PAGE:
‘For the bees’: Retiring U of M entomologist Marla Spivak reflects on long career of bee science, advocacy

A woman stands amidst several beehives
Marla Spivak is retiring after more than 30 years with the University of Minnesota studying bees.
Ben Hovland | MPR News

Marla Spivak planned to spend her life with bees, but she did not anticipate training a generation of bee researchers.

“Never in my wildest dreams did I think I would become an academic or work at a university,” said Spivak. “I was going to be a beekeeper.”

Her fascination with honey bees began in 1973 when she checked out a library book about the life of bees.

“It fascinated me, both the bees and the beekeepers,” recalled Spivak who keeps a copy of the book in her St. Paul office. “I went to work for a commercial beekeeper and then I was just hooked.”

a woman holds a book
In her office at the University of Minnesota Bee Lab, Marla Spivak holds the book that she says inspired her to a life of working with bees.
Dan Gunderson | MPR News

Spivak is retiring from the University of Minnesota later this year after more than 30 years of research on ways to improve bee health. She is perhaps best known for her work to develop disease-resistant bee strains called hygienic bees. They naturally preserve the health of the colony by detecting and removing sick bees.

When Colony Collapse Disorder began killing honey bees in the early 2000s, Spivak became a very public voice for bees. She started the University of Minnesota Bee Squad in 2010, and oversaw development of the Bee and Pollinator Research Lab on the St. Paul campus in 2015.

She’s won numerous awards, including a MacArthur Genius Grant in 2010 and she’s mentored many students who have become noted bee scientists. The University is raising $5 million for an endowed chair in honey bee research to ensure her research continues.

a woman swings a net over tall grass
University of Minnesota researcher Marla Spivak sweeps a roadside ditch near Hannaford, N.D., for insects.
Dan Gunderson | MPR News 2010

After decades of working with and observing bees, Spivak is still fascinated by the social organization of a honey bee colony.

“There’s no governing board, there’s no ruler, they just interact with each other,” she said. “And then these beautiful behaviors at the colony level and the personality of the colony emerges just from local interactions among individual bees.”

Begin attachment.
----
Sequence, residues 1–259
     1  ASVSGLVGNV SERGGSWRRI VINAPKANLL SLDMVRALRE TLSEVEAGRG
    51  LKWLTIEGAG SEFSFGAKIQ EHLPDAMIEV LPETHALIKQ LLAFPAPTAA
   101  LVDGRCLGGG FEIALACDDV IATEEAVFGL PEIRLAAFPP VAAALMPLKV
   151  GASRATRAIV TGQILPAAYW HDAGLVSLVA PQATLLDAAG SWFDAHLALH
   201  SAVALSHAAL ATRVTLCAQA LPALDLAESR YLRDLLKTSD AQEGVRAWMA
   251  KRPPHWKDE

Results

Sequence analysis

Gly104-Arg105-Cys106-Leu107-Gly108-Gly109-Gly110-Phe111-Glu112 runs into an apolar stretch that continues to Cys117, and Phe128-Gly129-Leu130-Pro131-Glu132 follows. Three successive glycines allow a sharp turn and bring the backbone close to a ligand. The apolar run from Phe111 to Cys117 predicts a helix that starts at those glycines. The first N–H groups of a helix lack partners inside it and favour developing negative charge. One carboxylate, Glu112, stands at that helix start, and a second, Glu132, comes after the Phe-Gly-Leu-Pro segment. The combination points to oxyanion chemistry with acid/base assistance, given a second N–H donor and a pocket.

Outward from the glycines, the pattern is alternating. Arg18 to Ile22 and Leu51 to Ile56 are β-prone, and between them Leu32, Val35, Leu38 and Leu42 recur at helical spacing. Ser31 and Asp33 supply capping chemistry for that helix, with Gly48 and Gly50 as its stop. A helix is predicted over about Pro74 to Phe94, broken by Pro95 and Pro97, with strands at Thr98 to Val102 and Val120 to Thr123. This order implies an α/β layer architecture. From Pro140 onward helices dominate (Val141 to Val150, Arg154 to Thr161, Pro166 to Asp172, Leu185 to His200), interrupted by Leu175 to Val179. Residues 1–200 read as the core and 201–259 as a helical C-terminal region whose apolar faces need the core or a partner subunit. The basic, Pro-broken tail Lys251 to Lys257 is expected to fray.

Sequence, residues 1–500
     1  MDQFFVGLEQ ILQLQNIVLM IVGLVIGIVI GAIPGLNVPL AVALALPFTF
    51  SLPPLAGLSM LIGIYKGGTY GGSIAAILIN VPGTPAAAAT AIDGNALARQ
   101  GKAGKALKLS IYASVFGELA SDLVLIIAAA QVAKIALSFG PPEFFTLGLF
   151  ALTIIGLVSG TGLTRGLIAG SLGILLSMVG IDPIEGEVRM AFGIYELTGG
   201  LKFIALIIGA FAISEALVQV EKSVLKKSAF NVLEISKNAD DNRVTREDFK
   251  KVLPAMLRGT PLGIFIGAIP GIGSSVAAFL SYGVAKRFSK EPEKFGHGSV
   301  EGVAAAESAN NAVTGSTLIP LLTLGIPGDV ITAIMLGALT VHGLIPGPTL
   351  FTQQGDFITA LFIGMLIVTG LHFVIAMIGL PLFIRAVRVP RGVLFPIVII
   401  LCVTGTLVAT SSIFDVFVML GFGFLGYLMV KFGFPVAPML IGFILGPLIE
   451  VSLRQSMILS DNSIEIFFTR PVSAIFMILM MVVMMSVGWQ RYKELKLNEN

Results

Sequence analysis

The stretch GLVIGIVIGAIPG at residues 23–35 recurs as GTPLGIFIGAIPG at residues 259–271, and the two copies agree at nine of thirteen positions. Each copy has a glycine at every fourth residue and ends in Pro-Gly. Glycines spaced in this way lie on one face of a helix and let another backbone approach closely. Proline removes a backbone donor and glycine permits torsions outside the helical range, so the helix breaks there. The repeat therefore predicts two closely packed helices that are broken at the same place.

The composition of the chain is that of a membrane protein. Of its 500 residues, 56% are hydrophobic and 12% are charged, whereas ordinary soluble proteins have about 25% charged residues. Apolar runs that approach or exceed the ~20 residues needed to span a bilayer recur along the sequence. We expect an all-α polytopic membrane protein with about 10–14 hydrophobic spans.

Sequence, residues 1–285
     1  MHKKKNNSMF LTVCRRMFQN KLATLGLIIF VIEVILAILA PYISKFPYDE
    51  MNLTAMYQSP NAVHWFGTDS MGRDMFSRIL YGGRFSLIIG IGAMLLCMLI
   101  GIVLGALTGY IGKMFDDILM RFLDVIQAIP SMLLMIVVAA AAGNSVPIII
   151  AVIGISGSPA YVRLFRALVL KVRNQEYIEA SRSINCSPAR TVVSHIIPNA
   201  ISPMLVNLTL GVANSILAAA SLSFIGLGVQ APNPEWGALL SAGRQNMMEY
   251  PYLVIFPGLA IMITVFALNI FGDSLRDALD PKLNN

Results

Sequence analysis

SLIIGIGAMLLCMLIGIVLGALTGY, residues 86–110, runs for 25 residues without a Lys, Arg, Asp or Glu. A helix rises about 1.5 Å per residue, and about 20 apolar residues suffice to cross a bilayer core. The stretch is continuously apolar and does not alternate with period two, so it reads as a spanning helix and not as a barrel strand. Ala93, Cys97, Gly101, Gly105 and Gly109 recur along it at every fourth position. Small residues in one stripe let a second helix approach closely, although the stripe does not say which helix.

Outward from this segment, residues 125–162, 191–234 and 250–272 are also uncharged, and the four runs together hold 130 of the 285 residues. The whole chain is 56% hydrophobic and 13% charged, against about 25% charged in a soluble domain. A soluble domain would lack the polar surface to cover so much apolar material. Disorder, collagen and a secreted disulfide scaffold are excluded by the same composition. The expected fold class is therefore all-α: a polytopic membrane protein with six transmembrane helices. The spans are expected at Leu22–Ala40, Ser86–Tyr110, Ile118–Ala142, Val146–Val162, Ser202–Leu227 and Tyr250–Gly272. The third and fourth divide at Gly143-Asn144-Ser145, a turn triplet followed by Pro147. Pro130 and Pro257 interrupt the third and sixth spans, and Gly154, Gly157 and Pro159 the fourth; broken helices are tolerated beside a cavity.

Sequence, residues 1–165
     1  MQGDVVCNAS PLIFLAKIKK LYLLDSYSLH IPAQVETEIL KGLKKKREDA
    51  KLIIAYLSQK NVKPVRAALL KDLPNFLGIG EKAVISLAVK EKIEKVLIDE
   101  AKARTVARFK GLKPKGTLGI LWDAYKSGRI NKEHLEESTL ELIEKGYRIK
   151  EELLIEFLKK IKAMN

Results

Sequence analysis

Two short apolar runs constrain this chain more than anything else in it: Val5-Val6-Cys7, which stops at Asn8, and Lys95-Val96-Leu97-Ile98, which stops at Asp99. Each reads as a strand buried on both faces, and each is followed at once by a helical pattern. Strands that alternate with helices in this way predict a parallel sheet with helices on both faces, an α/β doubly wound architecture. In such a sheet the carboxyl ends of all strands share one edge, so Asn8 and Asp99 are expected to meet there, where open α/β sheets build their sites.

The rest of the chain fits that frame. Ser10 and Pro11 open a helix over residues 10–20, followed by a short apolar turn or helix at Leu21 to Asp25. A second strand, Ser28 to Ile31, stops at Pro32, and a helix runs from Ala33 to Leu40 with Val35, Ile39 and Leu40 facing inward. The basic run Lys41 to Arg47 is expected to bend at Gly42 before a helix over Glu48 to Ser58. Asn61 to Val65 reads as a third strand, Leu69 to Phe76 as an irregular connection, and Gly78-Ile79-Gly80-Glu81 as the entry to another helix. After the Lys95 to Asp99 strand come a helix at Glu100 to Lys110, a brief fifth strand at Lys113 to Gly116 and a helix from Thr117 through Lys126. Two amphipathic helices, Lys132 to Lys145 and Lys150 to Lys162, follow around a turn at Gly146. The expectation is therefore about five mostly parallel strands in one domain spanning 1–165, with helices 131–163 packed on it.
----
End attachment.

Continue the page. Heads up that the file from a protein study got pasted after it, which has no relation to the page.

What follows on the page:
When she started in the 1970s, raising bees was easy, said Spivak. The honey bee colonies needed minimal care to produce honey.

Then in the mid-1980s, the first parasitic mite arrived in the U.S. and keeping bees has never been the same.

A woman stands holding the branch of a pussy willow bush
Marla Spivak says for a scientist whose best day is one spent in the field looking into bee hives, the public attention was a challenge.
Ben Hovland | MPR News

“Beekeepers started to use pesticides in their own colonies,” she said. “Beekeepers, who are the first people that really don’t like pesticide use because it can affect their bees, had to become pesticide applicators in their own colonies.”

Honey bee troubles multiplied, leading to significant bee colony losses and by the early 2000s, scientists were raising the alarm about Colony Collapse Disorder.

Spivak found herself in a new role, trying to explain the issue to a curious public.

“This Colony Collapse Disorder turned into this multifactorial impossible thing to explain, especially to the press,” recalled Spivak. “When you’re trying to say what’s going on with the bees and you say ‘Well, it’s a combination of factors,’ everybody falls asleep.”

University of Minnesota bee expert Marla Spivak
University of Minnesota bee expert Marla Spivak speaks at a press conference at the Minnesota State Fair.
Elizabeth Dunbar | MPR News 2016

Colony Collapse Disorder is not fully understood but causes include parasitic mites that spread viruses to bees, changes in agriculture that resulted in fewer flowering plants on the land to sustain bees, and the rise of neonicotinoid insecticides that bees ingest when they consume pollen and nectar.

Some commercial beekeepers have been critical of Spivak for not speaking out more strongly against pesticides.